I want to write a book about the modern intern experience, a successor to The House of God, if you will. I’m going to call my book Seaport General. It’s about a young intern named Troy, who is starting his internal medicine training at a fictional university-affiliated community hospital in Boston’s posh Seaport district. In this book, set against the backdrop of a rapidly changing would, Troy learns what it means to become a doctor in the 21st century.
Troy grew up in an affluent suburb in New Jersey, and he always wanted to be a doctor. His mom, an ophthalmologist, had warned him about the rising cost of malpractice insurance and lower reimbursements that he would have to expect, but she was still very proud of him when he decided to follow his dream. He went to medical school in California, but because his workload had been light since Match Day, he had had plenty of time to move back east before starting residency.
Following a ten-day orientation complete with extensive Epic training, talks on resident wellness, and some team-building exercises, he started his year on an endocrinology elective. It was nice not to have to work any weekends for the first month, and the fellow would usually let him go home early.
His first wards month went well, too. He was paired with an anesthesia prelim, and the resident, David, was great. David was an experienced third-year categorical resident eyeing a job as a hospitalist. He was no Fat Man, but he would occasionally put in orders or write an H&P for Troy on a busy call day. David was also good about reminding Troy to transition his patients to oral antibiotics and put in physical therapy orders so that they could be discharged on time. The team usually finished rounds before noon conference, and if they didn’t, the attending would just go see the last patients on her own while the team got pizza and listened to a lecture on osteoporosis. Troy did have to spend a fair amount of his day writing progress notes, and while nobody ever talked about buffing the chart anymore, he found early on that smart phrases and copy-pasting saved him a lot of time.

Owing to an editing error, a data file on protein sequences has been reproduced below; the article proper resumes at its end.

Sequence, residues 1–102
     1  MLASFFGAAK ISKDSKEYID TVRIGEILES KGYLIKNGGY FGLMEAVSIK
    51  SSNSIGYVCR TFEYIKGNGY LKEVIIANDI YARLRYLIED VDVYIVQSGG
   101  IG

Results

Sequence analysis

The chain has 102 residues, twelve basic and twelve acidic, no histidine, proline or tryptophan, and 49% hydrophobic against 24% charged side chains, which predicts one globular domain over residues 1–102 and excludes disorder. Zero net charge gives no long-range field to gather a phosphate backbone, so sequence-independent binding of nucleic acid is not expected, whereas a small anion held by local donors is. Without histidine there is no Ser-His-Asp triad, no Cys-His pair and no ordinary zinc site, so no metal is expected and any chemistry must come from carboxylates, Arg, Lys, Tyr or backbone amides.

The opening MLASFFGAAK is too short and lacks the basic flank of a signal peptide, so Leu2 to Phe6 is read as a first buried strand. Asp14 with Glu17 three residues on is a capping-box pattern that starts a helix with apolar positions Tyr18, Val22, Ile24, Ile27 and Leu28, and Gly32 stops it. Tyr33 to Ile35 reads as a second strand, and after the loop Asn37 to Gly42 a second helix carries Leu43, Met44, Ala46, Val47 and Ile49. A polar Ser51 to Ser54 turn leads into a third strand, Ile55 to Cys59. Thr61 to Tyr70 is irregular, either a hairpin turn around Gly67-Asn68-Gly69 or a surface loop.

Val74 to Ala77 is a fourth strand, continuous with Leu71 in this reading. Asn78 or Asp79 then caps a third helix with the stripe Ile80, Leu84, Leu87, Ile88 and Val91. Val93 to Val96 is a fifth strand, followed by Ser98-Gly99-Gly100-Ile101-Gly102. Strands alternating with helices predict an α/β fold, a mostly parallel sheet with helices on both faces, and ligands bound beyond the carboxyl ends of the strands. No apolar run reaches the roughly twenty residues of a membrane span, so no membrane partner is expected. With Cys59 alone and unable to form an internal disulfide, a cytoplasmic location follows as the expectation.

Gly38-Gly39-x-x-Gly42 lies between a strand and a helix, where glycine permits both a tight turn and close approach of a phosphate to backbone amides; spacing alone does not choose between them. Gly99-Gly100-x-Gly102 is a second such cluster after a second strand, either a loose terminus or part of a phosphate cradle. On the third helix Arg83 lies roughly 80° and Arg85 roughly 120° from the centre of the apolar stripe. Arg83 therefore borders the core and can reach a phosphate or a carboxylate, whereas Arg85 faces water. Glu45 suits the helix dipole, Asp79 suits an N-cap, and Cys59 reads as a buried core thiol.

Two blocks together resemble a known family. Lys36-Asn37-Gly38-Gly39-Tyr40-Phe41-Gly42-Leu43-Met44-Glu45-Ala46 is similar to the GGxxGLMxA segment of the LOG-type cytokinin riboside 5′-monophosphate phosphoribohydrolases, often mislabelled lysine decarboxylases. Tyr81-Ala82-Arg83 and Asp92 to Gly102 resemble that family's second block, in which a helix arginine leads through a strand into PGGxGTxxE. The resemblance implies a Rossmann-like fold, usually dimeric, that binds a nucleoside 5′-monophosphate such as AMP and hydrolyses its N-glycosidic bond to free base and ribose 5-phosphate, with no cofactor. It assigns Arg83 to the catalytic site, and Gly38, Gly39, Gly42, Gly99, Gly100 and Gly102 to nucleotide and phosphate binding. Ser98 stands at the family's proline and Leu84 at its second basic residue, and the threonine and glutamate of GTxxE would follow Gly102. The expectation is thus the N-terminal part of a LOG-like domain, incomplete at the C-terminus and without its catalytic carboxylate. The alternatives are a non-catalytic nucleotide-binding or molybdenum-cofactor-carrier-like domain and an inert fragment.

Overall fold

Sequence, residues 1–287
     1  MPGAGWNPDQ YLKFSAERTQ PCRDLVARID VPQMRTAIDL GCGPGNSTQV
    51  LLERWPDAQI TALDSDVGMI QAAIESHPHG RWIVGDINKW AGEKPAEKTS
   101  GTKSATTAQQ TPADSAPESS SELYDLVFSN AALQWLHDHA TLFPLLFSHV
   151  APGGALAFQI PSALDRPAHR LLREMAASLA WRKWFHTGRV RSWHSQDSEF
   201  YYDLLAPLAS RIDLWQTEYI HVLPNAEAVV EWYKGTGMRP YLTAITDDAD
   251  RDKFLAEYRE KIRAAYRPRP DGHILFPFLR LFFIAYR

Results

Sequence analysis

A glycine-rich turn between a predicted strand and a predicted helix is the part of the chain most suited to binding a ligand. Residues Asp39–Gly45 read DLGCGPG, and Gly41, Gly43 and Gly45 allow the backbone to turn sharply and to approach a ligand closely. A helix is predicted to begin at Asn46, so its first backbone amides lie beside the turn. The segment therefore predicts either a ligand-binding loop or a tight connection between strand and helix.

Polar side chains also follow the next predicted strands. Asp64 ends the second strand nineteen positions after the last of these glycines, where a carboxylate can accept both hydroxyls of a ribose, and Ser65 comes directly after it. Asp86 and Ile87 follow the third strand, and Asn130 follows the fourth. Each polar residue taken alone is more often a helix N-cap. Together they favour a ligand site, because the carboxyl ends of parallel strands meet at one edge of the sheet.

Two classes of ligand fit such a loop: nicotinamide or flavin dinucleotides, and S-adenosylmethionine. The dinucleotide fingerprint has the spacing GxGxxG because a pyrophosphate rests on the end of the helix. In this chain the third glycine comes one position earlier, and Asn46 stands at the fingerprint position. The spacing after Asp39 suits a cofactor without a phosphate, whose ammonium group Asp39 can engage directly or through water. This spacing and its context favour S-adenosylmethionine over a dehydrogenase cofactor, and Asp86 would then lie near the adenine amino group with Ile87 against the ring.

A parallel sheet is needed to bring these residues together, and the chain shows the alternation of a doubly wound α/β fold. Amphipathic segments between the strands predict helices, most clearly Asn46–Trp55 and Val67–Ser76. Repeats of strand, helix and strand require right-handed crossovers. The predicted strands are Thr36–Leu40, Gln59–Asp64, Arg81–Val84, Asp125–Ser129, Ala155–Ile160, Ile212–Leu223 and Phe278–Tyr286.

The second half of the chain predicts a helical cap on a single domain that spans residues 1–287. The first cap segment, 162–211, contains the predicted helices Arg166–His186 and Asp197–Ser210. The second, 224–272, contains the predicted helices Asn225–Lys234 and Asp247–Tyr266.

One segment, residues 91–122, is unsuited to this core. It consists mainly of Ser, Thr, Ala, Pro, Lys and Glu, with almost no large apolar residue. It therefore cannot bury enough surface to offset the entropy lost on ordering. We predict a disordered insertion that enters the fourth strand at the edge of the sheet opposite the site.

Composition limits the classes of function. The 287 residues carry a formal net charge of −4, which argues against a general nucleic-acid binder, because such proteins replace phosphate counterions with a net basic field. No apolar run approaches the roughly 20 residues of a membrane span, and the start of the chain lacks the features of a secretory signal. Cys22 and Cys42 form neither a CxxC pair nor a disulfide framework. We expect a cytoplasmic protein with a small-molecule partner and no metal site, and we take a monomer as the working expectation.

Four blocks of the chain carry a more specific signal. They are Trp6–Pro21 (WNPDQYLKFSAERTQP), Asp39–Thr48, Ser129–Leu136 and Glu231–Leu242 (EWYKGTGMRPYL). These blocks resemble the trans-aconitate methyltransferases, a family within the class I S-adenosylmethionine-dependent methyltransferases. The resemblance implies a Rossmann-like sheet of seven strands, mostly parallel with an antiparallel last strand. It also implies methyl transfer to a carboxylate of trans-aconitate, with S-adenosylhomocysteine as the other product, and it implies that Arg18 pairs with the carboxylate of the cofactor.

Troy was also finding some time to enjoy life outside the hospital, too. One of his co-residents had started a class Facebook group, and people were always organizing happy hours and other social activities. Troy had also recently started going out with a girl named Sherry, a consultant he had met on an app. They weren’t official yet, but she seemed nice and usually texted him back. There was also a nurse, Holly, whom he was kind of into, but he knew better than to risk being the subject of hospital gossip.
Overall, it was a pretty good year, and Troy was learning a lot about himself and about how to be a better doctor. For example, if he was efficient during the day, he often had time to do a few MKSAP questions and watch Netflix when he got home. His presentations had gotten better, and he wasn’t forgetting to ask about family history and code status quite as often. He still always got lost trying to find the chest radiology reading room, but he usually just looked at the reports anyway …
So that’s my book. Would anybody want to read it?
Eric R. Gottlieb is an internal medicine resident.
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